What Australia lacks in snail diversity, it makes up for in its large number of short-range endemics. They’re everywhere. Well, in small bits of everywhere. The country is chockers with species whose entire range might be a single gorge in central Australia, a cliff face in the Ningbing Ranges or a mound spring in the Simpson Desert. Species whose existence depends on a few hundred square metres of habitat.
That’s Austroassiminea letha in the picture. No, not the big one. That’s Glyptophysa. The weeny thing to the north. Although common as fossils in Pleistocene soils between Cape Leeuwin and Point D’Entrecasteaux, living Austroassiminea letha are restricted to just a few spots near the coast. Plot them out on a map and the linear range is about 40 km. Not that small, then. But the snails are so strict in their requirements—suitable freshwater seeps only occur on limestone or at the junction of limestone and underlying igneous rock—that they are found in only four localities along the 40 km line. Three of them are clustered around Augusta. The other one is near Margaret River.
Austroassiminea is unusual for a number of reasons. First off, it’s a monotypic genus—it contains a single species. Okay, that’s more interesting than odd. But what is a bit weird is that it’s one of only two non-marine assimineids found on mainland Australia.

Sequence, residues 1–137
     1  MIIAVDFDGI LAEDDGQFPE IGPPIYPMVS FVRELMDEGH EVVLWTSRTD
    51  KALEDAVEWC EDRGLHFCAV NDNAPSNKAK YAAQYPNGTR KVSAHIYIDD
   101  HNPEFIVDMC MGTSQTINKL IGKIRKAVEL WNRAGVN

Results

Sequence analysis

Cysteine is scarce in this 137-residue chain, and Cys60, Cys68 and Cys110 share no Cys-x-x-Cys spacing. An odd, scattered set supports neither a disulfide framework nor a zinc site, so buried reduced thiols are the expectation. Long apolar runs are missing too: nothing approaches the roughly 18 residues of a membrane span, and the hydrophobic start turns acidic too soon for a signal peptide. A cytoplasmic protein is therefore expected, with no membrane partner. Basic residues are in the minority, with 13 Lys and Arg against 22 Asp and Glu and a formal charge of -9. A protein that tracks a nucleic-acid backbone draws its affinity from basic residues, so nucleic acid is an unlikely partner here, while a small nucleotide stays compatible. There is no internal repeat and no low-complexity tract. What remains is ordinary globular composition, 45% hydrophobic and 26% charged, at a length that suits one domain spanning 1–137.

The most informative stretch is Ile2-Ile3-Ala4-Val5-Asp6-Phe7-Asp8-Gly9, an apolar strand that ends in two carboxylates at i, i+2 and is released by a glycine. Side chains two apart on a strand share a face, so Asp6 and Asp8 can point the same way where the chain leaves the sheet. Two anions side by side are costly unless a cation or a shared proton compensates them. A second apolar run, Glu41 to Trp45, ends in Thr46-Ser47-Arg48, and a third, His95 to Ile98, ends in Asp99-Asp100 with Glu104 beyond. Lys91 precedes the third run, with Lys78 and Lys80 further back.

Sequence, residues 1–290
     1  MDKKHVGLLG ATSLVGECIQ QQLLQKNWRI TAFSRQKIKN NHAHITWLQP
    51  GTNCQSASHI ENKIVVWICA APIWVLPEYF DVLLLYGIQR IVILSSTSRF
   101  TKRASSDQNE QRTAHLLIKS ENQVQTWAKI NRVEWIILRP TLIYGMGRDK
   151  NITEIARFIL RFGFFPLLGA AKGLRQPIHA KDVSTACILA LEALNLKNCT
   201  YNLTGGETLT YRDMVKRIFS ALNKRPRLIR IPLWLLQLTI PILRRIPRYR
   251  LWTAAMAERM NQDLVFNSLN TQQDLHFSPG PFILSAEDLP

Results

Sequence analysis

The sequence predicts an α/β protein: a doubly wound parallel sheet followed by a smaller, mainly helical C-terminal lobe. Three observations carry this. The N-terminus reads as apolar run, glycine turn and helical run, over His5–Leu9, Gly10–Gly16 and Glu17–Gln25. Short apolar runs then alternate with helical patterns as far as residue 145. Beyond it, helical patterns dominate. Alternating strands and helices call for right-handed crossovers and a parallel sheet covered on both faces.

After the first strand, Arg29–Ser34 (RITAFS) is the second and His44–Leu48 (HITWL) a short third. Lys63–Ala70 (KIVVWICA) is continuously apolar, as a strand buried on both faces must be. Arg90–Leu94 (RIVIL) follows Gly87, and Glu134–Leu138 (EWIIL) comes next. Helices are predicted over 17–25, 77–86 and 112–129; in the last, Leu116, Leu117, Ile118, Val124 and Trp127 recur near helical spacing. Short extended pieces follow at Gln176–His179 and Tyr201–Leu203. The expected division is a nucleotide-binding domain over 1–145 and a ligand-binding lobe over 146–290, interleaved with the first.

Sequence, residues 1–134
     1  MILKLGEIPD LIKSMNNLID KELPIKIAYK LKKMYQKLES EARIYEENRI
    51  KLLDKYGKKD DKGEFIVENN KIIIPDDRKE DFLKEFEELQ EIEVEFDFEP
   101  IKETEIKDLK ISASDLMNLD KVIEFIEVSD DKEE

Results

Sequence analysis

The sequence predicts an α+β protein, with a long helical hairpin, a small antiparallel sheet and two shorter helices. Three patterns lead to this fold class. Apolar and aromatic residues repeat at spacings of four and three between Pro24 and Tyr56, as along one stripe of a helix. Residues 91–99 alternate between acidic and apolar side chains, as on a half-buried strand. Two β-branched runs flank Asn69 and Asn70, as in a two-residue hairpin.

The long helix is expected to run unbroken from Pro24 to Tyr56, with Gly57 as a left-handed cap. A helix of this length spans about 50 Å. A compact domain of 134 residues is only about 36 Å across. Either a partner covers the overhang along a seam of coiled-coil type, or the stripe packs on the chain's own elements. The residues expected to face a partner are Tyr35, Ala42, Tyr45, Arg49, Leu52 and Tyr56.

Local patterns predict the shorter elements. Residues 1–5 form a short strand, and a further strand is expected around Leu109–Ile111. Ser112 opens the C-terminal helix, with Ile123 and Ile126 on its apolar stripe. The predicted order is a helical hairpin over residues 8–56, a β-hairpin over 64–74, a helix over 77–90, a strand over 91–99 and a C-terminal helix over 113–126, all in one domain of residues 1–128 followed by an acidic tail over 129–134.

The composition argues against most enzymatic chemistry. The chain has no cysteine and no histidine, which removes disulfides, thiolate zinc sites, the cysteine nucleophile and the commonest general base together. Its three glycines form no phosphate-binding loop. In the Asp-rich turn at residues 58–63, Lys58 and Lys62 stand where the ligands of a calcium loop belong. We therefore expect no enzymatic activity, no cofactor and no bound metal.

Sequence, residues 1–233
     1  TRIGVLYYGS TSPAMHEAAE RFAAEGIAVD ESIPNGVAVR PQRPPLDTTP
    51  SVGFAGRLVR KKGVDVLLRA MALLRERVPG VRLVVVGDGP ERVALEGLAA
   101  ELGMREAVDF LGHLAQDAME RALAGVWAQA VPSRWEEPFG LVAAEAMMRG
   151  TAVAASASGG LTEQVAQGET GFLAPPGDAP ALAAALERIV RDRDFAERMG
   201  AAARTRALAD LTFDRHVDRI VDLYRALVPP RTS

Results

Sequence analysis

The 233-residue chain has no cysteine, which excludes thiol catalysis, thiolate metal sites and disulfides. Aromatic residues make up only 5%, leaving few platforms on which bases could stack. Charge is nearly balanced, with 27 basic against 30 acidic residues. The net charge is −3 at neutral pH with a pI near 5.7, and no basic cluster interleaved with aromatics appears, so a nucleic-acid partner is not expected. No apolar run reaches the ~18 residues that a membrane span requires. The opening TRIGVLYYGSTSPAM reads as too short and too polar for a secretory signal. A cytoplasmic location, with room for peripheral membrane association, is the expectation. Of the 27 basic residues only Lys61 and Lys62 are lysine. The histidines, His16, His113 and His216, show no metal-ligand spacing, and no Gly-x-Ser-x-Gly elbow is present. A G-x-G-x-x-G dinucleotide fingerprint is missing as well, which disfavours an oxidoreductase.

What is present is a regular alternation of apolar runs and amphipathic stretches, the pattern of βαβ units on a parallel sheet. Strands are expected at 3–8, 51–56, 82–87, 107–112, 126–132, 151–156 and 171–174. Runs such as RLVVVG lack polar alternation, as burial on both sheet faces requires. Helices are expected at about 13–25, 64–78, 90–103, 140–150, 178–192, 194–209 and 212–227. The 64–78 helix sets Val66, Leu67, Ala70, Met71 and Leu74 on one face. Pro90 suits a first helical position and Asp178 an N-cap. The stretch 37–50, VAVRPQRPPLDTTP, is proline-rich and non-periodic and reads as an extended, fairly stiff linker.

Two things are wrapped up that statement. The first is that most assimineids in Australia live in marine and brackish-water habitats. Whereas elsewhere the family has escaped the sea with great enthusiasm, few of them have made that transition here. Only two genera have shifted out—Duritropis on Norfolk Island and Opinorelia on Lord Howe Island. Both live on land. Why haven't more made the break?
The second oddity is that, worldwide, very few assimineids live in freshwater habitats. Of those, the best known are Eussoia of eastern Africa from Somalia to Mozambique; Pseudogibbula in the Zaire River; and Solenomphala from damp habitats on stream banks in China, Taiwan and Japan. That’s not an impressive list. But mainland Australia has two non-marine assimineids and both of them are monotypic freshwater genera.
The second one is Aviassiminea palitans. (I don’t have a picture but it looks very similar to the first.) Aviassiminea palitans is widespread in northern Australia from the Pilbara in Western Australia to Mataranka in the Northern Territory. Like Austroassiminea letha, it lives along edges of seeps and springs. But, although it belongs to the same family, it is not closely related to Austroassiminea. So the freshwater habit has evolved twice in Australian non-marine assimineids. Odd, eh?
Fukuda, H. & Ponder, W.F. (2003). Australian freshwater assimineids, with a synopsis of the Recent genus-group taxa of the Assimineidae (Mollusca: Caenogastropoda: Rissooidea). Journal of Natural History 37: 1977–2032.
Solem, A, Girardi, E-L., Slack-Smith, S. & Kendrick, G.W. (1982). Austroassiminea letha, gen. nov. sp. nov, a rare and endangered prosobranch snail from south-western Australia (Mollusca: Prosobranchia: Assimineidae). Journal of the Royal Society of Western Australia 65: 119–129.